In the mathematical field of set theory, an ultrafilter on a set X is a collection of subsets of X that is a filter, that cannot be enlarged (as a filter). An ultrafilter may be considered as a finitely additive measure. Then every subset of X is either considered "almost everything" (has measure 1) or "almost nothing" (has measure 0). If A is a subset of X, then either A or X \ A is an element of the ultrafilter (here X \ A is the relative complement of A in X; that is, the set of all elements of X that are not in A). The concept can be generalized to Boolean algebras or even to general partial orders, and has many applications in set theory, model theory, and topology.
Given a set X, an ultrafilter on X is a set U consisting of subsets of X such that
A characterization is given by the following theorem. A filter U on a set X is an ultrafilter if one of the following conditions is true.
Another way of looking at ultrafilters on a set X is to define a function m on the power set of X by setting m(A) = 1 if A is an element of U and m(A) = 0 otherwise. Then m is a finitely additive measure on X, and every property of elements of X is either true almost everywhere or false almost everywhere. Note that this does not define a measure in the usual sense, which is required to be countably additive.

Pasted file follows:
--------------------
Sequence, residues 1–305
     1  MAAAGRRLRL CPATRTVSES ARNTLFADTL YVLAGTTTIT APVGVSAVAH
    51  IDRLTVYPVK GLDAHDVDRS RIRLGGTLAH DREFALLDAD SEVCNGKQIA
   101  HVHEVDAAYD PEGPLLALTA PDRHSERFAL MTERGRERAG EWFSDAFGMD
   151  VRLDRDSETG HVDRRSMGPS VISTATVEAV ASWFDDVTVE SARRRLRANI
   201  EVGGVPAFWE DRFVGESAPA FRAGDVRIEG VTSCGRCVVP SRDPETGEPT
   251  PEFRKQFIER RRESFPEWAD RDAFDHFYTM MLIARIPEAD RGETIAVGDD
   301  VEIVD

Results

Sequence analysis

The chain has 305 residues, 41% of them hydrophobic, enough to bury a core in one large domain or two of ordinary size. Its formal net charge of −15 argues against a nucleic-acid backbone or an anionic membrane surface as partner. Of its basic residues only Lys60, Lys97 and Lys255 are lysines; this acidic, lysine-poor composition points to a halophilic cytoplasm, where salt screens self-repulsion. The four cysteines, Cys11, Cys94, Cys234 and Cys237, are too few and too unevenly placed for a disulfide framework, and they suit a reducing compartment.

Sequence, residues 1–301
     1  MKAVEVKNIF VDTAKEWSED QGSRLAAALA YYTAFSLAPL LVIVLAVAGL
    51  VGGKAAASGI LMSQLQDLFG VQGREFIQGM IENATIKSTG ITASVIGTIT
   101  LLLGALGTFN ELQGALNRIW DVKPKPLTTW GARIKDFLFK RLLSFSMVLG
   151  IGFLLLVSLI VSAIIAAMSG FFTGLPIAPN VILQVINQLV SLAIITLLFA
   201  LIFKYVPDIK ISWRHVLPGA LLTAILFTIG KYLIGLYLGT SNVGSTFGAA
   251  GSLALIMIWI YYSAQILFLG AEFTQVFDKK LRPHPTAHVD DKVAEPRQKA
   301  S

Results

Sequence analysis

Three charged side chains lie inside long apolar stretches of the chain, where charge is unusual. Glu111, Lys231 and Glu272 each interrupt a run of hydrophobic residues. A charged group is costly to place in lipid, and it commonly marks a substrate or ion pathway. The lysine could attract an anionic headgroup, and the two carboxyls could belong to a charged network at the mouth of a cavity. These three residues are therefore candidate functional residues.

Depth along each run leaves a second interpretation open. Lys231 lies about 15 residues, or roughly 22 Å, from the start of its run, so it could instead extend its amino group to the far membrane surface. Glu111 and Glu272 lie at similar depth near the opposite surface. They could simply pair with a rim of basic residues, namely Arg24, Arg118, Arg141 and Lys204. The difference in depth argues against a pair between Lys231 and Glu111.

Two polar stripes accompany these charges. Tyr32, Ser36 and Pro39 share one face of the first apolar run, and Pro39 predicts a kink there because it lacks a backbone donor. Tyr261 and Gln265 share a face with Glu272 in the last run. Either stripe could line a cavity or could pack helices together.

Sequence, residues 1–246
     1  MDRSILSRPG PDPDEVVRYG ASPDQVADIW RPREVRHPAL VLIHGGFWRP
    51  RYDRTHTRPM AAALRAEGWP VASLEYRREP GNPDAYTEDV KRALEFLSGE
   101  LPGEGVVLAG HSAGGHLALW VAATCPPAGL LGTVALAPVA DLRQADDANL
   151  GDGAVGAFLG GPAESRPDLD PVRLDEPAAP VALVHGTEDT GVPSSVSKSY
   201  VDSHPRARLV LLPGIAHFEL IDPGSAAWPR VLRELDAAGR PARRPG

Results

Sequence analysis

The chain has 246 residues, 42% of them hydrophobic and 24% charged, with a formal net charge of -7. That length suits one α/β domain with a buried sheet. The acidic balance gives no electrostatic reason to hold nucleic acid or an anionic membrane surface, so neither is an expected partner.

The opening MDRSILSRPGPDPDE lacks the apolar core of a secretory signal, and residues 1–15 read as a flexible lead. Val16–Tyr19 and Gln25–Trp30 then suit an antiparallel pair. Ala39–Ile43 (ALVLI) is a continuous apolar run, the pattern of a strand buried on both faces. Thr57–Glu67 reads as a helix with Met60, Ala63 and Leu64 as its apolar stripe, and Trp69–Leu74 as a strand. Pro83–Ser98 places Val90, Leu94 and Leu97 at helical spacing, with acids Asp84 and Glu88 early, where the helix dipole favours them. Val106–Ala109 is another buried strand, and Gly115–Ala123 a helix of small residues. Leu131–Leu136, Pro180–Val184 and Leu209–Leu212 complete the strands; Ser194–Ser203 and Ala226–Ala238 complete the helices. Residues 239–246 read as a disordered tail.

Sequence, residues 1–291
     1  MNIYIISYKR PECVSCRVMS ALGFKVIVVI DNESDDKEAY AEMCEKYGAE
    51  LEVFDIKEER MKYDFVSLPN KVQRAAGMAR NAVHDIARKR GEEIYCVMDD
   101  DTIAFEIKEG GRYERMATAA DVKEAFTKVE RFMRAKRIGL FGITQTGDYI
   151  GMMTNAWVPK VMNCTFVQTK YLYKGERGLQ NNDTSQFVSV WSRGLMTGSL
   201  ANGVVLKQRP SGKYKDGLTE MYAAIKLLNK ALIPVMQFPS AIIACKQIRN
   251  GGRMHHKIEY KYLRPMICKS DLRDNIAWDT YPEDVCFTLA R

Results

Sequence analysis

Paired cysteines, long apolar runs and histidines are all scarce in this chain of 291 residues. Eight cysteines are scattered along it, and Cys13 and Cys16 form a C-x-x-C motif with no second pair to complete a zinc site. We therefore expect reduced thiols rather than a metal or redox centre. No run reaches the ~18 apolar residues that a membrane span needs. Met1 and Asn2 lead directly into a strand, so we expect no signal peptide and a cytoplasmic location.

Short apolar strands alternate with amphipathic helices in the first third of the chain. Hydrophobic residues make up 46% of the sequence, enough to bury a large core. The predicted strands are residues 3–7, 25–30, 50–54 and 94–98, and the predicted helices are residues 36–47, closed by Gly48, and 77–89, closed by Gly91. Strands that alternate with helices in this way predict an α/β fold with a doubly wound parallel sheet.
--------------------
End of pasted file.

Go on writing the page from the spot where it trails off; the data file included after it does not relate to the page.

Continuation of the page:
For a filter F which is not an ultrafilter, one would say m(A) = 1 if A ∈ F and m(A) = 0 if X \ A ∈ F, leaving m undefined elsewhere.
The completeness of an ultrafilter U on a set is the smallest cardinal κ such that there are κ elements of U whose intersection is not in U. The definition implies that the completeness of any ultrafilter is at least . An ultrafilter whose completeness is greater than —that is, the intersection of any countable collection of elements of U is still in U—is called countably complete or σ-complete.
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